We recently received a message from Abo Deeb in the Palestine requesting information about a carved cross he discovered whilst walking in the state. We are not experts in any area of the subjects covered by Archmdmag, so put out a request for The Encyreaders with more knowledge to assist and give a better identification.
However, we would suggest it looks like a Christian cross. But are unsure of the context in that location, although being suggested Biblically to be an important area in the birth of Christianity, this could relate to that time.
The Encyclopedia Brittanica states – the Cross is the principal symbol of the Christian religion, recalling the Crucifixion of Jesus Christ and the redeeming benefits of his Passion and death. The cross is thus a sign both of Christ himself and of the faith of Christians. In ceremonial usage, making a sign of the cross may be, according to the context, an act of profession of faith, a prayer, a dedication, or a benediction.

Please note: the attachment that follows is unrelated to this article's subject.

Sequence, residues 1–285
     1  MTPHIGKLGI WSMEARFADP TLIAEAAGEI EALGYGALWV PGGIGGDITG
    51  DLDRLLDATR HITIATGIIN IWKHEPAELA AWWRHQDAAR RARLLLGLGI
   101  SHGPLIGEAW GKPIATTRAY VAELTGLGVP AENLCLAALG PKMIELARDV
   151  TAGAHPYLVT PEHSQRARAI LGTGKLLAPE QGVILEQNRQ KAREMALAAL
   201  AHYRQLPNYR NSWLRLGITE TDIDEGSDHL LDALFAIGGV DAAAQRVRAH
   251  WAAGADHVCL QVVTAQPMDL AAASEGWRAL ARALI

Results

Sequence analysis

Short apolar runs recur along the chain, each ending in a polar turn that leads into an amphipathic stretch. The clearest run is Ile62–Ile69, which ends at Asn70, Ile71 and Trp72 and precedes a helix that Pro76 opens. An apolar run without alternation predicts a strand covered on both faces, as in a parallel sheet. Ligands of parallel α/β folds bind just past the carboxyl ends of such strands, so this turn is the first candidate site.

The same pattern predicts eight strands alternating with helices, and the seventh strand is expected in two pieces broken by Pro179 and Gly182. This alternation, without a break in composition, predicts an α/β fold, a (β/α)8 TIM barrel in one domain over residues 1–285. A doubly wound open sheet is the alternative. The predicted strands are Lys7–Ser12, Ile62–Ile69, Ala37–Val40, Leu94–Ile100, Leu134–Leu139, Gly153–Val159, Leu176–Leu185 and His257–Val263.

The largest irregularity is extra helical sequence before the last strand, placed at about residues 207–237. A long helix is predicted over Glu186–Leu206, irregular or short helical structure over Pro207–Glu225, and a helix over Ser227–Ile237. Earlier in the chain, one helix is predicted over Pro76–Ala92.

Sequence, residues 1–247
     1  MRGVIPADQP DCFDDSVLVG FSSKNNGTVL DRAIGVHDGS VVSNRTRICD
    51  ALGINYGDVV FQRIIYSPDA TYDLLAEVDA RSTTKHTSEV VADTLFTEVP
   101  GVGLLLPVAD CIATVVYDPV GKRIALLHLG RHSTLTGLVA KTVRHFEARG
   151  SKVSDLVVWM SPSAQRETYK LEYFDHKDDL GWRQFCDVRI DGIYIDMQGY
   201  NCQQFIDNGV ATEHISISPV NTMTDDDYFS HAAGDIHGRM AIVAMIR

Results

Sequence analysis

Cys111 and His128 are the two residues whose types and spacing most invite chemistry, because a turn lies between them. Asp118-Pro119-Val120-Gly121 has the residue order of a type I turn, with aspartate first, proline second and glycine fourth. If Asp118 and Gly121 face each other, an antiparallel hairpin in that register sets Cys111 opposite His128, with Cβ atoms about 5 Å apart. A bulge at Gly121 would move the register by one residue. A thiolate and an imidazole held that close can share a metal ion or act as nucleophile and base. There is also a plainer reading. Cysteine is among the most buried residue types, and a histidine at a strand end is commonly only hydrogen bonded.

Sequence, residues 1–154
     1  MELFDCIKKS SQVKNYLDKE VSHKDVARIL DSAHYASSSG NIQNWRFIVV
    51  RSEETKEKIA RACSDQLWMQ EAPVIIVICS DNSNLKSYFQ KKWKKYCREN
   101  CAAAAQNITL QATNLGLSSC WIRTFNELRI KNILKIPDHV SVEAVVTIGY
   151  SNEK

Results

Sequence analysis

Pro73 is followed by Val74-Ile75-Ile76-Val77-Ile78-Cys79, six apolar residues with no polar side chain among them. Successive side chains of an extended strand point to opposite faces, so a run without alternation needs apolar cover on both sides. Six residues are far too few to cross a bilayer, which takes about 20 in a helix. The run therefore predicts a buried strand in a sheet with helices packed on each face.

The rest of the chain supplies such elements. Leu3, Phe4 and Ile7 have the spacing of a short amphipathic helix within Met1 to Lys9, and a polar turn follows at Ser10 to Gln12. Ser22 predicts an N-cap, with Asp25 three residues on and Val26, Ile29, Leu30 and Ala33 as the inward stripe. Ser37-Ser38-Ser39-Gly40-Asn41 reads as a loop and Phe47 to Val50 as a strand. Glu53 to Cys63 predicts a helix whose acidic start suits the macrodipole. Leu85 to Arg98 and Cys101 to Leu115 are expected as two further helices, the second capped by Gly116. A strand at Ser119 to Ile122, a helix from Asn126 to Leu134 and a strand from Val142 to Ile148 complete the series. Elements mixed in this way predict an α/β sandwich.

There are four basic types of iconographic representations of the cross: the crux quadrata, or Greek cross, with four equal arms; the crux immissa, or Latin cross, whose base stem is longer than the other three arms; the crux commissa, in the form of the Greek letter tau, sometimes called St. Anthony’s cross; and crux decussata, named from the Roman decussis, or symbol of the numeral 10, also known as St. Andrew’s cross. Tradition favours the crux immissa as that on which Christ died, but some believe that it was a crux commissa. The many variations and ornamentations of processional, altar, and heraldic crosses, of carved and painted crosses in churches, graveyards, and elsewhere, are developments of these four types.
Any observations about Abo’s discovery can be added to the comments a the rear of this article and we will communicate them to him.